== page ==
|Basic information||Name: Battle Mountain|
This is an OFFICIAL meteorite name.
Abbreviation: There is no official abbreviation for this meteorite.
Observed fall: Yes
Year fell: 2012
Country: United States
Mass: 2.9 kg
This is 1 of 9096 approved meteorites (plus 3 unapproved names) classified as L6. [show all]
Search for other: L chondrites (type 4-7), Ordinary chondrites (type 4-7), L chondrites, and Ordinary chondrites
|Comments:||Approved 2 Oct 2012|
Writeup from MB 101:
Battle Mountain 40.66813°N, 117.18913°W
Humboldt County, Nevada, USA
Fell: 2012 Aug 22 06:17 (UTC)
Classification: Ordinary chondrite (L6)
History: The fall was observed in weather radar imagery from the US NEXRAD radar network, operated by the US National Weather Service. The discovery and analysis was done by Dr. Marc Fries, Galactic Analytics LLC. The KLRX radar in Elko, Nevada, is approximately 33 km from the fall site and recorded the fall in eight radar sweeps between 0619.26 UTC and 0621.03 UTC. This time span of 97 s is short compared to other meteorite falls observed by radar. This could be a result of meteorite production by a single, large breakup event, by relatively little fragmentation, or a combination of the two factors. The first stone was found on September 1, 2012, 10:50 AM (PDT) by Robert Verish; it weighs 19.25 g. As of 3 Oct 2012, at least 23 stones with a total mass of ~2.9 kg have been reported.
Physical characteristics: Most stones have a similar appearance, with a blocky shape where corners are not well-rounded; where orientation is exhibited, it is poorly developed. Regmaglypts are smaller than thumb-sized. Fusion-crust is uniformly distributed but thin, and on some sides of several stones displays a brownish patina on an otherwise uniformly black surface.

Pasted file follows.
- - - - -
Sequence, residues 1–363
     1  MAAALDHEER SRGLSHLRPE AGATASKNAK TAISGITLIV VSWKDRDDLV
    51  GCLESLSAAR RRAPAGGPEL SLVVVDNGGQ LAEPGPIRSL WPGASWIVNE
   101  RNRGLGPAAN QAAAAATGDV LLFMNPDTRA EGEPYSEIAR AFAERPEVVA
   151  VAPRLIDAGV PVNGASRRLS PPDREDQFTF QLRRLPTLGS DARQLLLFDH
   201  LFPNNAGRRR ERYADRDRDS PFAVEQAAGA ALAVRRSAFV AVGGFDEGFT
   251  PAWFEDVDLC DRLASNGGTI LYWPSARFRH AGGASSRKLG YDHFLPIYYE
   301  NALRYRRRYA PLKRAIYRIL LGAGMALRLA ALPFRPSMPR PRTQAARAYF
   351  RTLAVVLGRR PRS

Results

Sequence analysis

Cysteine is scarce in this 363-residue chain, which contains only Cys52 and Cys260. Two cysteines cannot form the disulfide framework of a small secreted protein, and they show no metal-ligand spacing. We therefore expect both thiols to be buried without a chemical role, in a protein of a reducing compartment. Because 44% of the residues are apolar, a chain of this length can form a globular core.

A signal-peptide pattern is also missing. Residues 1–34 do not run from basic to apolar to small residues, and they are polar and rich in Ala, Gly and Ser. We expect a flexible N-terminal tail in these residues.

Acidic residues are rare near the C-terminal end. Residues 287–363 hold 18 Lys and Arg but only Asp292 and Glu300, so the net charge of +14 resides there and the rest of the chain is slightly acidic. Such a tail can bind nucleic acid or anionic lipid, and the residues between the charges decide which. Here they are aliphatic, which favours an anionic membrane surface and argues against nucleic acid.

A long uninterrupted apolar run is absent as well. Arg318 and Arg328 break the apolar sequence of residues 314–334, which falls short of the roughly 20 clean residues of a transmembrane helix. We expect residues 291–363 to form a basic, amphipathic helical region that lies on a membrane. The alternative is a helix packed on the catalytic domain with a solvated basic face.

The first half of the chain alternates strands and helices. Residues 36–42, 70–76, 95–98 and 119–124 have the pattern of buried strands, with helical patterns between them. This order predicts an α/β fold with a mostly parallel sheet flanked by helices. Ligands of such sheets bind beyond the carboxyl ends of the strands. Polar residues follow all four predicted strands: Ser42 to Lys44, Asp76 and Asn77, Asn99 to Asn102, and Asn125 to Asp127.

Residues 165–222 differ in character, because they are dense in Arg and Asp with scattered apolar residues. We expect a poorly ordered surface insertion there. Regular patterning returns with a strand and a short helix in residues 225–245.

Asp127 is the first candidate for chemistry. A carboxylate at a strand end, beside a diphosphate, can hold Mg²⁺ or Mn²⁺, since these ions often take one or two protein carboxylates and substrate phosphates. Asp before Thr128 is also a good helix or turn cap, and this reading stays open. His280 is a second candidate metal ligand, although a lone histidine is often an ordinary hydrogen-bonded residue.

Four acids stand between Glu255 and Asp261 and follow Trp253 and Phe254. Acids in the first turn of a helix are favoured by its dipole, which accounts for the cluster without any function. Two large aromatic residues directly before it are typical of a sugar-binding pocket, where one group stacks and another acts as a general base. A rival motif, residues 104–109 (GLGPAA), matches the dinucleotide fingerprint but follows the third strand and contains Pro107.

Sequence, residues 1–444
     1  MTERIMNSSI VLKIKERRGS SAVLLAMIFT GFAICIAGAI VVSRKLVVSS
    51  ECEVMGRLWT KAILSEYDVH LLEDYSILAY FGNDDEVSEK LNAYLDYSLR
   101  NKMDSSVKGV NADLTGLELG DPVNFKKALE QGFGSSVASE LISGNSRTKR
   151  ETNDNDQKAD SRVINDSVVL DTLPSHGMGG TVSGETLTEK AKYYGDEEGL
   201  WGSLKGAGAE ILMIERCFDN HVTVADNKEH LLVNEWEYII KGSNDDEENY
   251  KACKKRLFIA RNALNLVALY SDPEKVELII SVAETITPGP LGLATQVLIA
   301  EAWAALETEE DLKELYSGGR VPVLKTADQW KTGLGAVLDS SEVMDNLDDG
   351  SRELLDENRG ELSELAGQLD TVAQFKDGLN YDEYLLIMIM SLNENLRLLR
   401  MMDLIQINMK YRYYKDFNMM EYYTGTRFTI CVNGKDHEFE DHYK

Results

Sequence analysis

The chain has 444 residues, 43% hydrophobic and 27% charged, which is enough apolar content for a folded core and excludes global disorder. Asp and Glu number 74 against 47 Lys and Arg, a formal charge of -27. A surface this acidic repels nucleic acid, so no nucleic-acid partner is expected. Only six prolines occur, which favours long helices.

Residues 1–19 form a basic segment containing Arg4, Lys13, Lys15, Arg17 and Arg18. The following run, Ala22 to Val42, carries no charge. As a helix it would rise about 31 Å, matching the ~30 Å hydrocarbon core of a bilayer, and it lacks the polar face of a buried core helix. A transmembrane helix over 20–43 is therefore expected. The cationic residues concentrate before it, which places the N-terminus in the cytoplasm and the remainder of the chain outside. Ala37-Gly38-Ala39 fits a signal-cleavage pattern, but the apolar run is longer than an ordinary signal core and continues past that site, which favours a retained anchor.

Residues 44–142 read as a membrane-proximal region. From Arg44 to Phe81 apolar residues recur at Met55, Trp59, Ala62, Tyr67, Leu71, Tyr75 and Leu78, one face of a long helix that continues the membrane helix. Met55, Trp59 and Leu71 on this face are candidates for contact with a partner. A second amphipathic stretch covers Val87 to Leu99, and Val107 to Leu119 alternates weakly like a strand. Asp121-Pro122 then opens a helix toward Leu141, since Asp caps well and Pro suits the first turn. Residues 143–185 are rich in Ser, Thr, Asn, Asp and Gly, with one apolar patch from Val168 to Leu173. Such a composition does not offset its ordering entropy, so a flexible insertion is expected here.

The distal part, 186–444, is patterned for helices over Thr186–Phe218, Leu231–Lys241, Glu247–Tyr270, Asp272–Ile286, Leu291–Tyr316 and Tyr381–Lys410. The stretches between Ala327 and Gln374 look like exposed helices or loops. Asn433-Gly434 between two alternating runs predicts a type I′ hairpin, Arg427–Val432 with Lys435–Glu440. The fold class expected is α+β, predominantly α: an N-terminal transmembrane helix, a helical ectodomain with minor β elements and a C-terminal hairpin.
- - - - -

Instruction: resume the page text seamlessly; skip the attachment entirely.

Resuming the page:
Petrography: (Alan Rubin, UCLA): The stone is recrystallized with 50-μm-size plagioclase grains. Olivine grains exhibit weak mosaicism; many chromite grains are extensively fractured. Troilite grains commonly polycrystalline. There has been localized melting of metal and sulfide. Several grains of metallic Cu occur inside metal at the boundaries of small (apparently melted) irregularly shaped troilite grains.
Geochemistry: Ca-pyroxene Fs7.8Wo43.7 (n=2); low-Ca pyroxene Fs19.8±0.2Wo1.3±0.3% (n=22)
Classification: Ordinary Chondrite (L6), grains are extensively fractured - moderately shocked (S4), unweathered (W0).
Specimens: An endcut of the 19.25 g stone found Sept. 1 was thin-sectioned and classified by UCLA. A slice from this stone of 3.85 g (20%) is held by UCLA. Another stone (56.5 g) was found in 3 pieces and is held by the finder, Martin Cunningham, Battle Mountain, Nevada. The finder donated one of the 3 pieces to UCLA which makes a total of 46 g type specimen. The second find from this fall (954 g) is held by Robert Ward, who purchased it from the finder. This stone is the largest mass recovered to date.
UCLA: Institute of Geophysics and Planetary Physics, University of California, Los Angeles, CA 90095-1567, United States (institutional address; updated 17 Oct 2011)
Verish: Robert Verish, Meteorite-Recovery Lab, P.O. Box 463084, Escondido, CA 92046, United States; Website (private address; updated 27 May 2009)
Ward: No contact information provided. (private address)
|References:||Published in Meteoritical Bulletin, no. 101, MAPS 47, in preparation (2013)|
This is 1 of 116 approved meteorites from Nevada, United States (plus 9 unapproved names)
This is 1 of 1740 approved meteorites from United States (plus 355 unapproved names) (plus 28 impact craters)
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